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In U.P., a missing tango and the BJP’s waltz

In many ways, the Samajwadi Party (SP) and the Indian National Congress in Uttar Pradesh make for natural alliance partners. Their social bases complement each other, they do not have too dissimilar an ideological outlook, and have displayed a large degree of consonance in terms of campaign issues. Yet, both parties are presently in the midst of a bruising feud, each accusing the other of colluding with the Bharatiya Janata Party (BJP). The SP has termed the Congress as the flip side of the BJP, part of the saffron strategy to confuse the voters, while the Congress has charged the SP with being too afraid of the Central Bureau of Investigation and the Enforcement Directorate to take on the BJP.

Incentives for a link

So there is the one fundamental question to ask: why are these two parties so hesitant to commit to a potentially mutually beneficial alliance? The answer to this question might help illuminate the state of Opposition politics in both the State and the country, shaped in fundamental ways by the BJP-dominant system. First, let us evaluate the case for the alliance from the point of view of both the parties.

 

The incentives for the Congress are relatively straightforward. If the last two elections in U.P. are anything to go by, the Congress has been reduced to a 6% vote-share party, with barely any pockets of stronghold. The evidence from the Assembly bypolls and the panchayat elections since then have only reinforced this impression, not to mention the steady stream of Congress leaders exiting the party for greener pastures. A failure to get into an alliance with a larger party could well mean electoral decimation, in the manner of Delhi and West Bengal. Being the face of the U.P. campaign, it might also irrevocably damage the image of Priyanka Gandhi Vadra — the last remaining ‘trump card’ of the party. It might be instructive here to remember that the first time Rahul Gandhi became seared with the image of a political novice was after leading the disastrous 2012 campaign in Uttar Pradesh.

The draw for the Samajwadi party is no less compelling. The thrust of the Samajwadi campaign so far has been to make the fight for U.P. a bipolar contest. The trouble is that a direct duel with a party possessing a much larger social base is a losing proposition, minus a wave of massive anti-incumbency which has not surfaced so far. The BJP in Uttar Pradesh is a political behemoth, with a social catchment area ranging from upper castes, non-Yadav Other Backward Classes and non-Jatav Dalits. In a sense, the social base of the party in U.P. is roughly equivalent to a combination of the BJP and the Janata Dal (United) in neighbouring Bihar. The SP, meanwhile, is hamstrung by its traditionally narrow social base, anchored by Yadavs and Muslims.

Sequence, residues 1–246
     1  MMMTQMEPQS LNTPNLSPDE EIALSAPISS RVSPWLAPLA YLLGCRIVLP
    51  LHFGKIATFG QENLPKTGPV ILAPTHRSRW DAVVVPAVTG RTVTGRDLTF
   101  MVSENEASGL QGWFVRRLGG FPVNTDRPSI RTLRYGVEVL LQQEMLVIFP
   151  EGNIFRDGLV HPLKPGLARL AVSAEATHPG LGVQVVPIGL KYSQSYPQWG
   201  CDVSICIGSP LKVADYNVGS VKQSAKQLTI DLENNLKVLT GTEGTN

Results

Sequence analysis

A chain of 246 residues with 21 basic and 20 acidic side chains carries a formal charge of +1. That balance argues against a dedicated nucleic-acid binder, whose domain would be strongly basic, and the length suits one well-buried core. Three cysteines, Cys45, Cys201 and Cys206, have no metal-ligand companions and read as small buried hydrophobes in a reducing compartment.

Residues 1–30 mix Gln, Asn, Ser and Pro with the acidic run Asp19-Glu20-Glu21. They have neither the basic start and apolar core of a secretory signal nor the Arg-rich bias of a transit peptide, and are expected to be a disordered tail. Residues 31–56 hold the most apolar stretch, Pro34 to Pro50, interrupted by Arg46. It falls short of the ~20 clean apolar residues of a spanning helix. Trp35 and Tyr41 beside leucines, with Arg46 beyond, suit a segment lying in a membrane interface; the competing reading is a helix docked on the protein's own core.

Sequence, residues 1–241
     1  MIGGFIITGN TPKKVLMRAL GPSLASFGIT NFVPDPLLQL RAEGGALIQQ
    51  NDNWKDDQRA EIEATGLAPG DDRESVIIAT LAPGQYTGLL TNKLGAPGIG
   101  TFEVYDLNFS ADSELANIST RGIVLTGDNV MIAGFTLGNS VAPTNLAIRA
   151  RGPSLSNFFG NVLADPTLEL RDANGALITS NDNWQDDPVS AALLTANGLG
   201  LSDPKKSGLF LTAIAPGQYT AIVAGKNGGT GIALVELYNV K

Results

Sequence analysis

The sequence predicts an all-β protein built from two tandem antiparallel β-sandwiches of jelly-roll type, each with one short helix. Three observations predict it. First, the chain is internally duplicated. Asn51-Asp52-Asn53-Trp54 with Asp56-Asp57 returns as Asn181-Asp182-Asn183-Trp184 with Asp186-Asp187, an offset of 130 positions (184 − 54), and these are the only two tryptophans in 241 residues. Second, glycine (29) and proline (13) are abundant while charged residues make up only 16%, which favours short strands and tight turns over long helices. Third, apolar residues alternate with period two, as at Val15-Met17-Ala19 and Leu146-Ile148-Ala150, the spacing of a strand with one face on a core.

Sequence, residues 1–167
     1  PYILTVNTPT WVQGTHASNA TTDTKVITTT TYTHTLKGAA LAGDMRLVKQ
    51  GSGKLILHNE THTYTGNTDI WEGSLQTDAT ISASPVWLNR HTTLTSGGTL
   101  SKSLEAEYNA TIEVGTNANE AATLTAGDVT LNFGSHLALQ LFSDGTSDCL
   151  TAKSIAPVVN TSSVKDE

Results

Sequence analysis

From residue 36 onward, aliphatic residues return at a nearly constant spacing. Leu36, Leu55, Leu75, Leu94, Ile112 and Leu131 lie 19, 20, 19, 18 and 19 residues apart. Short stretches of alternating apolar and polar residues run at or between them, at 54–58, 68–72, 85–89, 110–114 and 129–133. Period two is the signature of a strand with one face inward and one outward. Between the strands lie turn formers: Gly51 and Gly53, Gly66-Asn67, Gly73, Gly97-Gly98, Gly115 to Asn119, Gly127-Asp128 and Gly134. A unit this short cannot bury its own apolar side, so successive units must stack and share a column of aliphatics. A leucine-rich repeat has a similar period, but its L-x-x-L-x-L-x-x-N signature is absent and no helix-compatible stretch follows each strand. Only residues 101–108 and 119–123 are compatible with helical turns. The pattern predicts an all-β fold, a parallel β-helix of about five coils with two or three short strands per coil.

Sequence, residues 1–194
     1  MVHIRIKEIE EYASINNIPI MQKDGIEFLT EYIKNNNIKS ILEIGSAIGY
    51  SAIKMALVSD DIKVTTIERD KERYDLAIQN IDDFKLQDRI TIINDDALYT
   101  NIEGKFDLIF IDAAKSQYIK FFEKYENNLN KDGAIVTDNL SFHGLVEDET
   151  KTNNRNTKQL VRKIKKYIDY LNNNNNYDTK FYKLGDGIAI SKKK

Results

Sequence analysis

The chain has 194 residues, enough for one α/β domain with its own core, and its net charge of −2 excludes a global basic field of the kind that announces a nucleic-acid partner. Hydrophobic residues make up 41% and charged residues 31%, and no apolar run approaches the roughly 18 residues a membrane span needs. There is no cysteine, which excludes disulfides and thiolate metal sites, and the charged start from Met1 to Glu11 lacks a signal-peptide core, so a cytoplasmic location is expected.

The SP knows this, and its leader Akhilesh Yadav has spent much of his political career pushing his party to embrace a new umbrella avatar. Even so, the party has not done the hard yards of long-term social engineering: building up community leaders, cultivating caste alliances at the ground level, or immersing itself in new socio-political movements. It has now gone for the quickest available route: stitching up alliances with an array of smaller parties. This would, the party hopes, not only boost its electoral arithmetic, but also aid the social acceptability of the SP among the specific caste and community constituents of the smaller parties. Hence, it makes intuitive sense for the SP to clasp the Congress’s hand which does represent, in a sense, the biggest of the smaller parties of U.P.

 

What, then, explains the jitters at the prospect of coming together? There are three reasons, all of which reveal one aspect of the electoral and ideological dominance of the BJP.

The Congress’s decline

First, the decline of the Congress, accelerated as it has in the Narendra Modi era, has reached such a state where, in many States, it is not even a reliable junior partner. The Congress’s recent record in grand alliances hardly commends it to any potential suitor. In last year’s elections in Bihar, while the Rashtriya Janata Dal and the three Left parties won more than half the seats they contested, the Congress proved to be the fatal weak link. This was not an aberration as the Congress has been the laggard alliance partner in several State elections, from Tamil Nadu in 2016 to Maharashtra in 2019. Of course, Akhilesh Yadav has had personal experience of this phenomenon in the last elections, where the Congress fared considerably worse than the SP.